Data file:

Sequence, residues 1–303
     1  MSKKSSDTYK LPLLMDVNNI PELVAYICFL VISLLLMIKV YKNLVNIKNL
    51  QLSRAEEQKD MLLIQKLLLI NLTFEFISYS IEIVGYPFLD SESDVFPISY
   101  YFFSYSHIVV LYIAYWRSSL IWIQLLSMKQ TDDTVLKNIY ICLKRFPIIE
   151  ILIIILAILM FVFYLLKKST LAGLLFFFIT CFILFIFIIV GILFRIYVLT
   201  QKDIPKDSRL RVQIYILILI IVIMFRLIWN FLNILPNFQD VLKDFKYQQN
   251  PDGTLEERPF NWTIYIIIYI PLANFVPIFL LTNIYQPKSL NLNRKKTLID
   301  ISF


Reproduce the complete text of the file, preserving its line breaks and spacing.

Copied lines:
Sequence, residues 1–303
     1  MSKKSSDTYK LPLLMDVNNI PELVAYICFL VISLLLMIKV YKNLVNIKNL
    51  QLSRAEEQKD MLLIQKLLLI NLTFEFISYS IEIVGYPFLD SESDVFPISY
   101  YFFSYSHIVV LYIAYWRSSL IWIQLLSMKQ TDDTVLKNIY ICLKRFPIIE
   151  ILIIILAILM FVFYLLKKST LAGLLFFFIT CFILFIFIIV GILFRIYVLT
   201  QKDIPKDSRL RVQIYILILI IVIMFRLIWN FLNILPNFQD VLKDFKYQQN
   251  PDGTLEERPF NWTIYIIIYI PLANFVPIFL LTNIYQPKSL NLNRKKTLID
   301  ISF